#11
    HankSterling

    HankSterling [OP] Member

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    Hank
    Florida Panhandle
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    3in susp lift, 3in body lift, 33x12.5x 15
    Not worried about me. I drove OTR for years. Been all back and forth on 94. I have 33x12.5 BFG all terrains. Trying to avoid block heater. Thanks for the grill and oil/fluid tips
     
  12. Nov 12, 2013 at 6:09 AM
    #12
    MowTaco

    MowTaco Well-Known Member

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    I don't think you'd need a block heater on gas engine, but I've only ever lived in the "banana belt" of the dakotas in Rapid City where it doesn't get very cold compared to the rest of the state. I'm sure it wouldn't hurt though. I agree on new tires if you're due, other than that just get yourself a coat and try to convince yourself every day that it was a worthwhile decision to move up there :)
     
  13. Nov 12, 2013 at 7:58 AM
    #13
    BuzzardsGottaEat

    BuzzardsGottaEat "Pick up some speed.. You'll make it."

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    If you have experience surviving that crap weather you'll be fine.

    Fluids and cardboard will help but honestly you could go as is and most likely be just fine.
     
  14. Nov 12, 2013 at 10:24 AM
    #14
    The Driver

    The Driver Trail Runner/Barefoot Beach Runner/Snow Skier

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    Lakewood (Green Mountain), CO.
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    I'm from FL and I live in Denver. I put synthetic oil in the diffs/transfer case/engine, replaced the coolant and made sure it was good for -10.

    Got mud and snow tires, and checked the windshiled for any cracks. Cold weather will make any tiny crack will become a full blown crack.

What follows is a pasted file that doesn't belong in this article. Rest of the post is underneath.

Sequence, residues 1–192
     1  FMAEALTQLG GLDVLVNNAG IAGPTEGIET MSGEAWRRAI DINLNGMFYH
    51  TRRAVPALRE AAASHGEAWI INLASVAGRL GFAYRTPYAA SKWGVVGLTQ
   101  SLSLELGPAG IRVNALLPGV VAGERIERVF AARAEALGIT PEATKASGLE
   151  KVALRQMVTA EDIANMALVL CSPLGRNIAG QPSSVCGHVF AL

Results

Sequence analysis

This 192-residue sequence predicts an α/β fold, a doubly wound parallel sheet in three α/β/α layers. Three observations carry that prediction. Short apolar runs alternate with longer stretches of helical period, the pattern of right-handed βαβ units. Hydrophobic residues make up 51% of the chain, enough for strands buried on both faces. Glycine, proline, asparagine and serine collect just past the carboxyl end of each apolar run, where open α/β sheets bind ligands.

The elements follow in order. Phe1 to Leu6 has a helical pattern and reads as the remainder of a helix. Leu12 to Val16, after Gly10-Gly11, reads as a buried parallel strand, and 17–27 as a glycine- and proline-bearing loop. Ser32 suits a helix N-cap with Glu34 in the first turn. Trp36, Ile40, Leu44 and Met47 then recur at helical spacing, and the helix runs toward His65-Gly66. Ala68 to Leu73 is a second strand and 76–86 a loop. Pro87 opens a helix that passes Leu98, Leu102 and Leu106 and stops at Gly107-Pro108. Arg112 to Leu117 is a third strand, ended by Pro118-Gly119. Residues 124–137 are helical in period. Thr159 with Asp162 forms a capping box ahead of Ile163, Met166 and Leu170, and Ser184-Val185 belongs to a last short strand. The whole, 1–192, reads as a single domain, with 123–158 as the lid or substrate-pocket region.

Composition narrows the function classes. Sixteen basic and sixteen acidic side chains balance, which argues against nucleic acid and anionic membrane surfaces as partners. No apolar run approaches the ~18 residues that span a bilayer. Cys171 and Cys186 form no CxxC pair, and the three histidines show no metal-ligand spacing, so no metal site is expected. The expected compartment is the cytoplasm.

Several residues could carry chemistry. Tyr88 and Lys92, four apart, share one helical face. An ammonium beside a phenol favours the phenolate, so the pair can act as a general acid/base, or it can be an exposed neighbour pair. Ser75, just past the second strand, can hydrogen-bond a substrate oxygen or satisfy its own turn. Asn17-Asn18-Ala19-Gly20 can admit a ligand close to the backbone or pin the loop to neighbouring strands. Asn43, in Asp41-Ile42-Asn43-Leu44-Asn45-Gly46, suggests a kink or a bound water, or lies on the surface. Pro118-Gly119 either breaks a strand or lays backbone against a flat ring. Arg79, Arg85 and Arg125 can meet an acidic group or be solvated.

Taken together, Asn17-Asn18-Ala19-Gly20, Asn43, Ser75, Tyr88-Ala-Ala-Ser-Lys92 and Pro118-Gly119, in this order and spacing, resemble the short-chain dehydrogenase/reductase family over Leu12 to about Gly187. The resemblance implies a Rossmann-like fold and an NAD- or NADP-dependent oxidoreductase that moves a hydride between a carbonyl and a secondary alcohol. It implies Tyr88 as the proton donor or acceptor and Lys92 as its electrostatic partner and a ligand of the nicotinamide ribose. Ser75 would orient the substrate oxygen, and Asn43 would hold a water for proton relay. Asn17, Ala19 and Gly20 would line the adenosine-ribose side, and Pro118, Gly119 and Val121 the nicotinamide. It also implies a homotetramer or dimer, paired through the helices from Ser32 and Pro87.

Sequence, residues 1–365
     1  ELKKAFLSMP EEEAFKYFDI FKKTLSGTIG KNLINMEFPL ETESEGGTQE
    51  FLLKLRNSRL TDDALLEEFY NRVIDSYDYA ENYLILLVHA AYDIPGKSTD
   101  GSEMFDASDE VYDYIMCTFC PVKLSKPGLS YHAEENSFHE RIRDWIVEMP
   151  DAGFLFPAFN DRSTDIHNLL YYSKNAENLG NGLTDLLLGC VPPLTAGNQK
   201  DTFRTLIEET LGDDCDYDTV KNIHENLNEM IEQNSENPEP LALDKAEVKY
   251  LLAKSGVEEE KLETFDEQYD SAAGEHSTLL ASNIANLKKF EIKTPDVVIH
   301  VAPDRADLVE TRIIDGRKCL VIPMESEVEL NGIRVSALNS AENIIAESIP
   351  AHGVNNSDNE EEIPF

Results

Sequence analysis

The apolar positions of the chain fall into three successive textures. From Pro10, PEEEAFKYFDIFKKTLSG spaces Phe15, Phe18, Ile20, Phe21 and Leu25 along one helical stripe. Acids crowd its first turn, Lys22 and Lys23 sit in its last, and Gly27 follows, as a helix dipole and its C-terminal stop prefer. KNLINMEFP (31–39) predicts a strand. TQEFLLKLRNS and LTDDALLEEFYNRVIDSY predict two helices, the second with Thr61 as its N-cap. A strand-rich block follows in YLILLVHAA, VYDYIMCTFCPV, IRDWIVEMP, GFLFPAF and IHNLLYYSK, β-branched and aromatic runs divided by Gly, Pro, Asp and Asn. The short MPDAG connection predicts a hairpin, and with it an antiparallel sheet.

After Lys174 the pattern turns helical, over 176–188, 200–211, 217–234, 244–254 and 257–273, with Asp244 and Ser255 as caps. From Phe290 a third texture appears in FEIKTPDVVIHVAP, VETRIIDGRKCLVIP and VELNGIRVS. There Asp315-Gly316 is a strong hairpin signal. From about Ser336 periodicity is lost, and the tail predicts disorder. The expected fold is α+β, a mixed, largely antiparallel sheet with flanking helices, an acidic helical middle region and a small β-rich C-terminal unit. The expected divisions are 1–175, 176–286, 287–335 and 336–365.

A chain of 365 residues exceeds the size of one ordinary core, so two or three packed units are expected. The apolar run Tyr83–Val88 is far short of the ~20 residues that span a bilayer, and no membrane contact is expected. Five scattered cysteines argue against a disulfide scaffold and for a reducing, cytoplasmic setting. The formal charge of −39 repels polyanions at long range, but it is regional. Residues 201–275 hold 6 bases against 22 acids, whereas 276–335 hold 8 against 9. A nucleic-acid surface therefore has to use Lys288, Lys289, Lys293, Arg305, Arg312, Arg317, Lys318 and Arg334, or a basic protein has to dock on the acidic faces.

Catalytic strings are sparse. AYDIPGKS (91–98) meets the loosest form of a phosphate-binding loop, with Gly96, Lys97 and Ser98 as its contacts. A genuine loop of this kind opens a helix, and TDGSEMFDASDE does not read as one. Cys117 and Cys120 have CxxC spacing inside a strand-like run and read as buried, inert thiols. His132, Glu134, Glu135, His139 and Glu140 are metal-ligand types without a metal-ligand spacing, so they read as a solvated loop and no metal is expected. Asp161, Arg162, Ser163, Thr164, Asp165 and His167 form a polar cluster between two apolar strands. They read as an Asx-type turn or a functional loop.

Good luck!
     
  15. Nov 12, 2013 at 5:17 PM
    #15
    toastyjosh

    toastyjosh Well-Known Member

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    fluids and coolant! Replace your t-stat also when you change your coolant. Make sure it goes down to -40

    Make sure you have good tires, you will be driving on snow and ice a lot.

    Also keep a sleeping bag in your truck and a small shovel.
     
    Last edited: Nov 12, 2013
  16. Nov 12, 2013 at 5:47 PM
    #16
    x2468

    x2468 Well-Known Member

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    Do they salt the roads out there? I'd be worried about the frame rusting the most.

    BTW, you will need one of those window ice scrappers. Get two actually because they snap sometimes. And the Rainex -32* wiper fluid is awesome for deicing your windows if they freeze up on a windy highway, or when you first start in the morning.

    Never knew anyone with a block heater....

    Source: Grew up in Northern VT. Still go back most winters.
     
  17. Nov 12, 2013 at 5:50 PM
    #17
    toastyjosh

    toastyjosh Well-Known Member

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    yea foegot about the wiper fluid, the sell the -40 stuff up there at all the gas stations.

    and run some gas treatment/ isoheat for a few tanks on the way up there to remove any moisture in your fuel system.
     
  18. Nov 12, 2013 at 5:50 PM
    #18
    anders99

    anders99 The Sailing Member

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    SOS Offroad Concepts hybrid front bumper Iggy Corp. Switch panel Famous Fab ditch lights and cb antenna mount Pioneer Appradio 2 Halo Led Headlights Led Taillights 3'' toytech spacer lift on front end Toytec AAL on rear AFE cold air intake
    also every night pull the wipers off the windshield. Just rotate the arms out
     
  19. Nov 12, 2013 at 6:17 PM
    #19
    MyWifesTacoma

    MyWifesTacoma Member

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    How old is your battery? Batteries lose a lot of their capacity when it's cold.
     
  20. Nov 12, 2013 at 6:19 PM
    #20
    RAT PRODUCTS

    RAT PRODUCTS Well-Known Member

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    Fluid film the shit out of the frame. I used 4 or 5 cans. Coat everything.